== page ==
Things don’t always work out the way we plan. Thank goodness they don’t.
And this Sept. 11 — 12 years since the terrorist attacks that took the lives of thousands of Americans and set the United States on a path of several wars that would last more than a decade — I learned that lesson again when I jumped on the back of a stranger’s motorcycle only to realize that we had a common bond that couldn’t be broken.
Mitch Hannon was that biker. He saw the confused look on my face as I was scouring Constitution Ave. trying to find the “Million Muslim” marchers that had planned to converge at The Mall in Washington D.C.
I was sitting at a red light in a taxi cab, with a jovial driver, who happened to be Muslim. “I don’t think you will find any Muslim marchers out here today — not today,” he said.
It was hot. I had already been looking for protestors for more than an hour but all I could find were bikers, thousands of bikers.
“Have you seen the Muslim marchers,” I yelled from my taxi-cab window over the rumbling of the motorcycles.
“No, we can’t find them anywhere,” said Hannon, who I had just met. “Why do you ask?”
I told him I was a reporter. The light changed to green and I thought, “here I go again.”
I was about to yell “thank you” when Hannon pulled alongside the taxi and said, “Get out of that taxi and jump on the back of my bike.”
On impulse, I did just that.
It so happens Hannon was a former flight attendant for American Airlines.
On September 11, 2001 his friends Ken and Jennifer Lewis, who were married and flight attendants themselves, were on flight 77 that crashed into the Pentagon. He had been friends with Ken for nearly 2o years and Jennifer was one of the “sweetest most lively people I’ve ever known.”
Hannon, who is a Chapter 3 member of Virginia’s Rolling Thunder non-profit motorcycle club, recalled some of his most touching memories with his friends as we drove past some of America’s greatest treasures.
He retold how he and Ken were ski instructors in Colorado and how they later taught sailing in Maine when they moved to the East Coast.
In fact, it was Hannon who helped Ken get a job at American Airlines and “sometimes I think when I’m grumpy, ‘Why wasn’t it me on that flight? Why was it them?’ They were always so happy.”
“Everyone’s life changed that day,” said Hannon as we headed to the nation’s capital, still strangely absent of any Muslim marchers.
“I don’t think there is one person whose life didn’t change in some way that day,” he said. “I’m out here for my friends. I’m out here for every soldier whose given their life, limb and who fights for our country. We want them to know we care. We want them to know they are not forgotten.”
It touched my heart.
I told Hannon 9/11 changed my life as well. My husband, Marty, is one of those soldiers who almost lost his life on the battlefield but instead was blinded by a bombing in Afghanistan on Easter Sunday, 2011.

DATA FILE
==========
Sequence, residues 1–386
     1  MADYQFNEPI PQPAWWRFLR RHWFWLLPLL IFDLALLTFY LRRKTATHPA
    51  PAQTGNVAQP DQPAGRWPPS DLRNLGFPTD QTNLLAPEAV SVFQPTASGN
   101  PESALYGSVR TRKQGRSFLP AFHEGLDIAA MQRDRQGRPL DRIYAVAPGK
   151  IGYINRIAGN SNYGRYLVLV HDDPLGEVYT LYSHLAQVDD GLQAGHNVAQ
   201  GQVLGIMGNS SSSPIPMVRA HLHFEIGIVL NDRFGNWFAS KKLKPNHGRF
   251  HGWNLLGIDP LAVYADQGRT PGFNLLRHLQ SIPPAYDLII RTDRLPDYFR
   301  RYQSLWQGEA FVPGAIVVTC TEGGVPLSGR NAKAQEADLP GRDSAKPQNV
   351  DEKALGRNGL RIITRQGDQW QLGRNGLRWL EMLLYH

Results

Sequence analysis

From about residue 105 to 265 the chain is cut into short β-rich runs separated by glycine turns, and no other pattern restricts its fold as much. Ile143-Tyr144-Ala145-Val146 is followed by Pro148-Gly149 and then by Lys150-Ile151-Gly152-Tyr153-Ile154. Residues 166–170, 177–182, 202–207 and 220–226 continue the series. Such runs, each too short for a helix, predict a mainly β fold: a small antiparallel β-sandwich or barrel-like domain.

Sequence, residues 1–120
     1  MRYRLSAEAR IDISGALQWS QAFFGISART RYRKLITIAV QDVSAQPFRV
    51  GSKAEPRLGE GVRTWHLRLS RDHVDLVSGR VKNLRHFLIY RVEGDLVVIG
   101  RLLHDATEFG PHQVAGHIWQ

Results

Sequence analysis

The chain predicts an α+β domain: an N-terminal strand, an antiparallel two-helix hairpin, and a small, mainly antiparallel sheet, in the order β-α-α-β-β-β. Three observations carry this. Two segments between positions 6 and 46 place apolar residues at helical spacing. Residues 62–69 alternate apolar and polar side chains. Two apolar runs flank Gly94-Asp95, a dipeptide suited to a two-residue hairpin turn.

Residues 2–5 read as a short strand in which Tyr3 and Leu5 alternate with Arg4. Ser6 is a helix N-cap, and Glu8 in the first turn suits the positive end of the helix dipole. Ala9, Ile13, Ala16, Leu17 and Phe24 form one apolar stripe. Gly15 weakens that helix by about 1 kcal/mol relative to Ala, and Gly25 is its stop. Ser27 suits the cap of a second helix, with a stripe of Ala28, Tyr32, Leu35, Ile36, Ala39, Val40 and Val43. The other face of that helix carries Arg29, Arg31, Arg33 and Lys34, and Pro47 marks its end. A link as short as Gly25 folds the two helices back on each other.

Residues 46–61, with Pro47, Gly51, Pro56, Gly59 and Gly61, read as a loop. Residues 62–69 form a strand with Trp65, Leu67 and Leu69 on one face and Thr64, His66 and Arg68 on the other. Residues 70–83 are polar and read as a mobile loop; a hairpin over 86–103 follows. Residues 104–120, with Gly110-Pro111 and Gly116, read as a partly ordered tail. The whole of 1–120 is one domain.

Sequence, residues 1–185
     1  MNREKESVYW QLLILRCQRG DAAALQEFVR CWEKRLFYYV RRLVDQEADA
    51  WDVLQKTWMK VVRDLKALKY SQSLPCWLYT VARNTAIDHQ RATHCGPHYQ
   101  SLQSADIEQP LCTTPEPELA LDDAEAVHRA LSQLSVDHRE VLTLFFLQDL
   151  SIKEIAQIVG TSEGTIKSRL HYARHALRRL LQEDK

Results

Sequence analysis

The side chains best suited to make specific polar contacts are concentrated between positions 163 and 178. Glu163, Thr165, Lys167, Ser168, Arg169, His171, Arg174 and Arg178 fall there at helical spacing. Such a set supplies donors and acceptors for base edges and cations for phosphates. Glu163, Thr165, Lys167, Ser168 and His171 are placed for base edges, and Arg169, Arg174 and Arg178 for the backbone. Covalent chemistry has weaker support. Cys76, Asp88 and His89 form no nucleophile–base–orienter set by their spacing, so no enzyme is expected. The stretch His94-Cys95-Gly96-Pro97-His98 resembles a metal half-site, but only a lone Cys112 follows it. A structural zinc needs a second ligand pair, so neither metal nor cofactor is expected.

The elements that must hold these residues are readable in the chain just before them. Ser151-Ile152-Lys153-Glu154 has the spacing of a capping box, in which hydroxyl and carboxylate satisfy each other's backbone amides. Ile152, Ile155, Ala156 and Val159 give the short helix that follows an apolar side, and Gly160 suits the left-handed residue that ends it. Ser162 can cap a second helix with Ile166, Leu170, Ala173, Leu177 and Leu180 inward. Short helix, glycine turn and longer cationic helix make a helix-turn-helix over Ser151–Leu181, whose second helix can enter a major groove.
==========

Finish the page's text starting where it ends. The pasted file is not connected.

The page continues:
Hannon and I were connected. It didn’t matter that we didn’t know each other. We weren’t strangers anymore and we have a common bond forged out of tragedy.
We didn’t need to say much as the bike headed down the road, surrounded by thousands of other bikers and American flags waving in the warm September wind.
He recalled how his friend Ken once stopped the car they were driving in to hand remove a Cicada bug, a large tree cricket that comes out of hibernation every 17 years, off his windshield.
“I asked Ken, ‘Why don’t you just remove it with the window washers,'” Hannon recalled. “You know what Ken said: ‘They have so little life — why take the chance that I might kill it after all that hibernation.'”
We stopped at a second light and along side the road was another biker. He had parked his motorcycle and pulled out a large piece of concrete from a compartment on the back of his bike.
The biker, Air Force Master Sergeant Bobby Cazmir, walked over to Hannon and me, held the concrete in his hand, and said, “this is a piece of the Pentagon from September 11.”
“I won’t ever forget,” Cazmir added.
Hannon couldn’t believe it.
“What are the odds that a complete stranger would come up to us, holding a piece of the Pentagon where I lost my closest friends,” Hannon said. “It’s meant to be.”
Again, we were comforted by another stranger’s gesture. We were connected.
We kept riding. Still no marchers.
After a while I realized we weren’t going to find any of the “Million Muslim” marchers everyone had talked about for the past week. In fact, I didn’t really care.
I was happy to be with Hannon. I was satisfied that the story isn’t about controversy or terrorism or the sadness that it brought to so many of us.
The story was about survival.
It was about hope through strength. It was was about the thousands of American’s who lined up their motorcycles on the streets of Washington, D.C. It was about those bikers, some who came as far away as the West Coast, to let the rest of the country know that they will never forget.
Hannon and I decided to grab some lunch. Getting to ride his Harley, which he named Vanessa, was one of the coolest things I’ve ever done.
During lunch, his youngest daughter Peyton, who attends James Madison University, sent a text to Hannon that made him cry.
“I know today is always a hard day but I will never forget sitting on their benches and you telling me all the stories you had with them (Ken and Jennifer Lewis),” said Peyton to her dad. “I know they’re looking down on you- smiling and laughing at all the stupid stuff you guys did. I love you pops!”
This story has been updated.